Five Things Nobel Laureate Gregg Semenza Wishes Everyone Knew About Science
On Dec. 10, Johns Hopkins scientist Gregg Semenza, M.D., Ph.D., along with William Kaelin Jr., M.D., and Peter Ratcliffe, M.D., will accept the 2019 Nobel Prize in Physiology or Medicine in Stockholm, Sweden, for the groundbreaking discovery of the gene that controls how cells respond to low oxygen levels.
In the two months since the award was announced, Semenza has done scores of media interviews and lectures for audiences around the world about the implications of this work in understanding and eventually treating blood disorders, blinding eye diseases, cancer, diabetes, coronary artery disease and other conditions.
Beyond his research, here are five points Semenza, the C. Michael Armstrong Professor at the Johns Hopkins University School of Medicine, wishes more people knew about science.
Many of the best discoveries are made by young scientists. The Nobel Prizes are usually given to older scientists for discoveries they made when younger. Because of this, Semenza says people may think that good science is solely the domain of older people. “We often make these findings early in our careers, but it is only much later that the significance of those discoveries becomes apparent,” he says.
Discoveries require perseverance and collaboration. A lot of science is taking small steps forward. Big leaps are often the result of collaboration. Semenza recalls that when he and his lab identified the HIF-1 gene, which controls cells under low oxygen conditions, they initially ran into problems trying to clone the gene’s DNA. Scientists clone DNA to learn more about a gene’s function and other characteristics. He got help from fellow Johns Hopkins scientist Thomas Kelly, M.D., Ph.D., who had expertise in a workaround approach: purifying the protein made by HIF-1, which is another way to learn more about the gene and its function in the cell.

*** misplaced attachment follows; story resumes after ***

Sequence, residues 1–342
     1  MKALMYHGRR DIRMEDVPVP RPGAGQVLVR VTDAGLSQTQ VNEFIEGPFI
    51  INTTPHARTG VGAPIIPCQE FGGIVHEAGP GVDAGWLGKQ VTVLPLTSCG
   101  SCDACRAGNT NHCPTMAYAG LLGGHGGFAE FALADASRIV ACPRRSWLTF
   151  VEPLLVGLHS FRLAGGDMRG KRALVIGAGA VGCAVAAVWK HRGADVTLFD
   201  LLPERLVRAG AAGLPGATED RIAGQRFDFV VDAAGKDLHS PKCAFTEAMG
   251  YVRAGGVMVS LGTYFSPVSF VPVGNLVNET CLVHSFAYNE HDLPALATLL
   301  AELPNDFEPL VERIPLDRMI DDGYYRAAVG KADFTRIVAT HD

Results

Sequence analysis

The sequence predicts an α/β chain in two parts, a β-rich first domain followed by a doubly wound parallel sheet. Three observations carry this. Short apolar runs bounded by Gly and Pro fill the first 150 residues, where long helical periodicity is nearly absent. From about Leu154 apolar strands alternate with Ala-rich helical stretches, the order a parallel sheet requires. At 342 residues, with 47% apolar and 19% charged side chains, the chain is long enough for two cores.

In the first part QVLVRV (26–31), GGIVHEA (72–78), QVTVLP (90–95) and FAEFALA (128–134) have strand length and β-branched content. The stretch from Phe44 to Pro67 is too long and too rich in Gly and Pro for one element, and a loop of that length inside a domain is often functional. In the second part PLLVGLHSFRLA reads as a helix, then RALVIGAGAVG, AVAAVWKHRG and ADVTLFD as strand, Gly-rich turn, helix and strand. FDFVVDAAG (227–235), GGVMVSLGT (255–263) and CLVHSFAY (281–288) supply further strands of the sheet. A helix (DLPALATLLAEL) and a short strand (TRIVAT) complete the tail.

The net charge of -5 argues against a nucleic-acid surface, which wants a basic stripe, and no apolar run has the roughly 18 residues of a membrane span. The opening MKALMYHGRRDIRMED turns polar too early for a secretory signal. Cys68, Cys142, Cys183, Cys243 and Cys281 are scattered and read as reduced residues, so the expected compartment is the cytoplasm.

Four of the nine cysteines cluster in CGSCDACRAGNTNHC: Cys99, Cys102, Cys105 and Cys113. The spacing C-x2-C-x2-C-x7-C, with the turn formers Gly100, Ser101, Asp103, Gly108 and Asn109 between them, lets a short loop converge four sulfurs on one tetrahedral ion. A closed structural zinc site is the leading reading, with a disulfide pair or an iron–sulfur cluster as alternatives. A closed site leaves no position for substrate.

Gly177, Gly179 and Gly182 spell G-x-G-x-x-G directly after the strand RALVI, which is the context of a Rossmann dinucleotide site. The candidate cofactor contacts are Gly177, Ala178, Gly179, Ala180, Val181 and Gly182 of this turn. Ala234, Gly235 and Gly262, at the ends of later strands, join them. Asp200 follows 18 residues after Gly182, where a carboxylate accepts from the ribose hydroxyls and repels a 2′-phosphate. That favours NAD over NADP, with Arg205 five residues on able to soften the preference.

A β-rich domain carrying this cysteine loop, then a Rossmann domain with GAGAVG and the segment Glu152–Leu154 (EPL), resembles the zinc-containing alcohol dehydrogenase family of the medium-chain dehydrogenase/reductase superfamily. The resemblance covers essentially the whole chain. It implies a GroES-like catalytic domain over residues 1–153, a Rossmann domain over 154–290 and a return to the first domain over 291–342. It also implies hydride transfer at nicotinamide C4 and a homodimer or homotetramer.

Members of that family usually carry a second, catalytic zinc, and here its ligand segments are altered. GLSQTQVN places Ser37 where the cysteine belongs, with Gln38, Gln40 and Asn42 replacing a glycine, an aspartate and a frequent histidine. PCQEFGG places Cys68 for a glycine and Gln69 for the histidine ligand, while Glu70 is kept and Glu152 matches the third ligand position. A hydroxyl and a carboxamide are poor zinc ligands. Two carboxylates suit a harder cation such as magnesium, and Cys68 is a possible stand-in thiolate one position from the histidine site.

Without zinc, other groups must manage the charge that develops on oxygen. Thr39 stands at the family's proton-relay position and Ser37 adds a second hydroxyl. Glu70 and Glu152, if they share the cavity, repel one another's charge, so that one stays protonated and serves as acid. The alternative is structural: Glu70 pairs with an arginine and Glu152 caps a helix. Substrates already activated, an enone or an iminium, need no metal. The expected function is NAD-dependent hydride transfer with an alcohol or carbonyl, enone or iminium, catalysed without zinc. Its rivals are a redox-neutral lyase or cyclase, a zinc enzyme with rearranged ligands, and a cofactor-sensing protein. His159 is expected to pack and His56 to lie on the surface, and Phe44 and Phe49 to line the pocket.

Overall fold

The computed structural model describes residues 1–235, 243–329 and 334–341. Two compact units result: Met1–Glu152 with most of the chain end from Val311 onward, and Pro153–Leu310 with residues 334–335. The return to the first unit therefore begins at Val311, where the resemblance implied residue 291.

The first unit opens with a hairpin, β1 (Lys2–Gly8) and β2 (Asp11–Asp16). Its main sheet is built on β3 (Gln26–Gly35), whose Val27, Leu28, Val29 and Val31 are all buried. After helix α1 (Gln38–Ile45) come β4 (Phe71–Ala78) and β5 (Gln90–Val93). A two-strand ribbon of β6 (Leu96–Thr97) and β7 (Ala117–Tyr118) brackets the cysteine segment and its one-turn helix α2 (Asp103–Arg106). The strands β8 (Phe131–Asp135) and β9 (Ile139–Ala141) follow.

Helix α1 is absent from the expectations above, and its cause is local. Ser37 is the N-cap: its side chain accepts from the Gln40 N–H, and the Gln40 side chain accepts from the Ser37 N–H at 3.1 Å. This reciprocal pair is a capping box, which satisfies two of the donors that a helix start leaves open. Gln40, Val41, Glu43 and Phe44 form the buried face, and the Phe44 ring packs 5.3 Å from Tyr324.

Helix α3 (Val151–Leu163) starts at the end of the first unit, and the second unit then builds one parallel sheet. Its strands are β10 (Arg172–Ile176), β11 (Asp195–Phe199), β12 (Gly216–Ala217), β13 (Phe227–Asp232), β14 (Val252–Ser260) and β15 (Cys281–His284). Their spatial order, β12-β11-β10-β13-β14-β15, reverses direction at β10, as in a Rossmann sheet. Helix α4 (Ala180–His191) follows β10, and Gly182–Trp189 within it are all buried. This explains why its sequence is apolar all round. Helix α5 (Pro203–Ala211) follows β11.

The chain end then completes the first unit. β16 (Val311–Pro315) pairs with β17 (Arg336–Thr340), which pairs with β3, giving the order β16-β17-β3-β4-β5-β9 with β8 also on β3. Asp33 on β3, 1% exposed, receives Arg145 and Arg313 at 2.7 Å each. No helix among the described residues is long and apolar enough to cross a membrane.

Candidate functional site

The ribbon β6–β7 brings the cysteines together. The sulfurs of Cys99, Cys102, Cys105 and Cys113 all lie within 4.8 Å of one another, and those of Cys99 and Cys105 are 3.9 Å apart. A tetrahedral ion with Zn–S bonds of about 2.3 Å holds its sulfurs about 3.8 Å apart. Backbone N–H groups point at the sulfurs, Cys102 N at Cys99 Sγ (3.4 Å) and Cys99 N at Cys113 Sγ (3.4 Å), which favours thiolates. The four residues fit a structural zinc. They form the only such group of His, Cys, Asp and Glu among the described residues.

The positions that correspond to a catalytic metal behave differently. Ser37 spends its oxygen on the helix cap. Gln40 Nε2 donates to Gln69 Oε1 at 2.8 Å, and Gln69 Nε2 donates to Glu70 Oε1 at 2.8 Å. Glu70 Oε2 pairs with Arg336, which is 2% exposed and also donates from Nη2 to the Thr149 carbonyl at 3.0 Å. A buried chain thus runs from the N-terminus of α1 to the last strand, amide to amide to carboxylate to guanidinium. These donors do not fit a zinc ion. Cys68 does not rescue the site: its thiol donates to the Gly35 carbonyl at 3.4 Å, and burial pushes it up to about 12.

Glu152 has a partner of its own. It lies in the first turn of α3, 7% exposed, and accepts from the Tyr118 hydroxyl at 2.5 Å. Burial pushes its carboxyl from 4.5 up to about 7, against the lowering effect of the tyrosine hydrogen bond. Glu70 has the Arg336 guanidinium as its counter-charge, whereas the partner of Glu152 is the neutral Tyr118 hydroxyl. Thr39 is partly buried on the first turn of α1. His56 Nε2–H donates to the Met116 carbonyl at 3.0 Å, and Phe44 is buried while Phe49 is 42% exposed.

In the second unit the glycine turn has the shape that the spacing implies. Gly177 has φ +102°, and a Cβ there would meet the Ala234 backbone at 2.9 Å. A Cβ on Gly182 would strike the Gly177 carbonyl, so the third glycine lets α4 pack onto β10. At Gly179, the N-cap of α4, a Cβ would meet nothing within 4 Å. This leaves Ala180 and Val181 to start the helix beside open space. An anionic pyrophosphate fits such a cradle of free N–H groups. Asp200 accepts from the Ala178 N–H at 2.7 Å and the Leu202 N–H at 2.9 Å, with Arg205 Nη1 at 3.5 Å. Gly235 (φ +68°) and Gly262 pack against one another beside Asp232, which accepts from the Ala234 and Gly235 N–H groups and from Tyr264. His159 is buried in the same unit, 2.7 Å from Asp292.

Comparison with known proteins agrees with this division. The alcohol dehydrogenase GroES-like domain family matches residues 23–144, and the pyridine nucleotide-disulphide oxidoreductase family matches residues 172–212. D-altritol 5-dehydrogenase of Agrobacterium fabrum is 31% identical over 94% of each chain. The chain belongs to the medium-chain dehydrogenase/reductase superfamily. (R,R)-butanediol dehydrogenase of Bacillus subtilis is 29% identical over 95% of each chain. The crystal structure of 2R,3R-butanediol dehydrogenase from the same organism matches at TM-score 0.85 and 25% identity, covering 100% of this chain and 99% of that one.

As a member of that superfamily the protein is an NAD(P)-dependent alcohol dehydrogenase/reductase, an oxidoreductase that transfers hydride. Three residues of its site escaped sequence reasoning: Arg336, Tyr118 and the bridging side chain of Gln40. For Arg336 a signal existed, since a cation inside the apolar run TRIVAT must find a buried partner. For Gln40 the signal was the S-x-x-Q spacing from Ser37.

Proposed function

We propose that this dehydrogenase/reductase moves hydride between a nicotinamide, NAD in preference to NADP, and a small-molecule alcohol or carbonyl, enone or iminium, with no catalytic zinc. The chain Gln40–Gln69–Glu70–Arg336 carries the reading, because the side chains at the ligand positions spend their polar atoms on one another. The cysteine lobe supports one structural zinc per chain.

The best research environments have mentorship and collegiality. “There are places with very smart people, and there are places where everybody is friendly,” says Semenza. “But there are few places with smart people who are almost always willing to help you. When we wrote the manuscript reporting the discovery of HIF-1, we submitted it to top-tier journals, and they did not find it to be of sufficient interest to warrant publication.” But that didn’t stop him: Semenza got help from Johns Hopkins scientist Victor McKusick, M.D., and the Proceedings of the National Academy of Sciences published the paper. It has been cited in over 6,000 scientific publications.
To advance science, invest in early science education. “In high school, I had a biology teacher who inspired me and others to pursue careers in scientific research by teaching us about the scientists and the scientific process that led to discoveries,” says Semenza. “She would often preface her description of a scientific discovery by saying, ‘When you win your Nobel Prize, I don’t want you to forget that you learned that here.’ We need to give more emphasis to teachers and reward them for the work that they do, which makes such a difference in the lives of so many.”
Basic science research is good for the economy. “The inventions and discoveries that come out of basic research are critical for the economy, public health and treating disease earlier,” says Semenza. “It is better, both for patients and for the economy, to treat diseases early rather than later, and we need more research to learn how to more effectively treat many cancers.”
Stay tuned to events during Nobel Week in Stockholm by following livestreams and recordings on NobelPrize.org and www.svtplay.se.